Monday, August 31, 2009

Grassroots Network: Big Push exposes ACOG’s bogus research

Dear Friends,

The Big Push let folks know about ACOG’s attempt to collect anecdotal information about poor home birth outcomes; so many people posted good home birth outcomes, that ACOG quickly made the page password protected. The survey was poorly constructed with no way to verify any reports or avoid duplication, a good example of what ACOG considers “research”! Read the Big Push news release below, which includes a link to a copy of the survey page as it originally appeared.

Susan Hodges, “gatekeeper”


Trouble viewing this PushNews Release? Please visit the PushNewsroom here.

PushNews from The Big Push for Midwives Campaign

CONTACT: Katherine Prown, (414) 550-8025,
FOR IMMEDIATE RELEASE: Monday, August 31, 2009

Viral Internet Campaign Exposes Bogus Research on the “Problem” of Increased Demand for Midwife Care
Thousands of Activists Nationwide Force Physician Group to Scrub Its Website

WASHINGTON, D.C. (August 31, 2009)­In under 18 hours, a viral internet campaign targeted at the American College of Obstetricians and Gynecologists forced the group to take down a public plea asking its members to submit anecdotal, anonymous data about patients who planned out-of-hospital deliveries. According to the request, which was originally linked from ACOG's home page, the professional trade association for OB/GYNs is "concerned" about the "problem" of growing numbers of women seeking out-of-hospital maternity care.

"Just follow the money," said Steff Hedenkamp of The Big Push for Midwives Campaign. "ACOG does not want to continue losing patients to Certified Professional Midwives and out-of-hospital birth, so they’re telling members to send in more of the same old tall tales that far too many OBs love to scare women with. Well, we have news for ACOG­it's not working."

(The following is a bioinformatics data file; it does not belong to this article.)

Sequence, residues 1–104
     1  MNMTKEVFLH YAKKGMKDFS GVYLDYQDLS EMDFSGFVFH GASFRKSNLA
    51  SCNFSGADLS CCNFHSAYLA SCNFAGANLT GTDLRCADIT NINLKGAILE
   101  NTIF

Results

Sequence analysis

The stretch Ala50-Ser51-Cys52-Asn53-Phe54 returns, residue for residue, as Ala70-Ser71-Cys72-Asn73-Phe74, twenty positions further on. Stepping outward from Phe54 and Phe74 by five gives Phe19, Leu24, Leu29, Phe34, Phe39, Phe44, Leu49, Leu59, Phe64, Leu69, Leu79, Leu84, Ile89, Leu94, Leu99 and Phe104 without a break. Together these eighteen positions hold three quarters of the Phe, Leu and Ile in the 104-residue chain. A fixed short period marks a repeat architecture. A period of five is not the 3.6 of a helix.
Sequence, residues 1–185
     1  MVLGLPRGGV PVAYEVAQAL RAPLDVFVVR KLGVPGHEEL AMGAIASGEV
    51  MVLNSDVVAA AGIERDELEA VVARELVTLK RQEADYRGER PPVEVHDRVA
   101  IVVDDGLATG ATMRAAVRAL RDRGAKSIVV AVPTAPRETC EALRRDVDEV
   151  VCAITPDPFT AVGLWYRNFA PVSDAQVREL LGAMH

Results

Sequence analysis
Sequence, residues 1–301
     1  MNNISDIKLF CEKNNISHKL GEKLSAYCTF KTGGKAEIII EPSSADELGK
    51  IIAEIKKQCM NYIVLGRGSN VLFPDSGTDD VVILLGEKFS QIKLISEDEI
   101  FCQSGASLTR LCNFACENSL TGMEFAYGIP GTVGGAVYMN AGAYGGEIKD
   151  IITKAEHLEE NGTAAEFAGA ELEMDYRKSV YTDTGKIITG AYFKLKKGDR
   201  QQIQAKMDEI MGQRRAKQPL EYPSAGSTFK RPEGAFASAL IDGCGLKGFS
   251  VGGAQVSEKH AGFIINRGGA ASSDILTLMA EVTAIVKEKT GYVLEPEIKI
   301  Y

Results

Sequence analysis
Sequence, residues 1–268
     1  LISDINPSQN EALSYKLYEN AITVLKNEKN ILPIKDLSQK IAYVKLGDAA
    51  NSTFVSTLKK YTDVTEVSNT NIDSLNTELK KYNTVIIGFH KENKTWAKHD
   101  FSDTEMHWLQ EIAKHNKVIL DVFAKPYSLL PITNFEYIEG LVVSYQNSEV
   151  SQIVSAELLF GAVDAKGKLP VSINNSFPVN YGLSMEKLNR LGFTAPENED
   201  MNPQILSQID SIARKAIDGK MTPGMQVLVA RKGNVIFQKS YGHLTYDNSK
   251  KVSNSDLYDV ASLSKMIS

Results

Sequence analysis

The campaign to expose the physician group's plans began on Facebook and Twitter and rapidly drew thousands of women to ACOG's website, where they submitted their own data about their healthy deliveries in private homes and in freestanding birth centers throughout the country. In response, ACOG moved quickly to scrub its website and placed its request for unsourced data from members behind a password-protected firewall.

"This was almost as fun as last year's campaign pressuring the American Medical Association to back off from its ridiculous claim that Ricki Lake is responsible for the increase in out-of-hospital deliveries," said Sabrina McIntyre, mother of two. "The AMA and ACOG seem to forget that women are capable of making rational, informed decisions about our maternity care providers and birth settings. We don't appreciate fear-mongering tactics meant to try and scare us away from using safe and cost-effective, community-based alternatives to our current maternity care system."

"Analysts familiar with ACOG expect the group to use the anecdotal data collected from members to support its ongoing state and federal lobbying campaigns aimed at denying women access to out-of-hospital maternity care and Certified Professional Midwives, who are specially trained to provide it. "ACOG admits in its own documents that they've been forced to use 'hardball tactics' against women who are advocating for choices in maternity care," said Hedenkamp. "Frankly, this latest stunt of theirs to troll for 'fresh' folklore reeks of desperation.

"The Big Push for Midwives Campaign represents thousands of grassroots advocates in the United States who support expanding access to Certified Professional Midwives and out-of-hospital maternity care. The mission of The Big Push includes educating national policymakers about the reduced costs and improved outcomes associated with out-of-hospital birth and advocating for including the services of Certified Professional Midwives in health care reform. Media inquiries: Katherine Prown (414) 550-8025,

The Big Push for Midwives Campaign | 2300 M Street, N.W., Suite 800 | Washington, D.C. 20037-1434 |

No comments: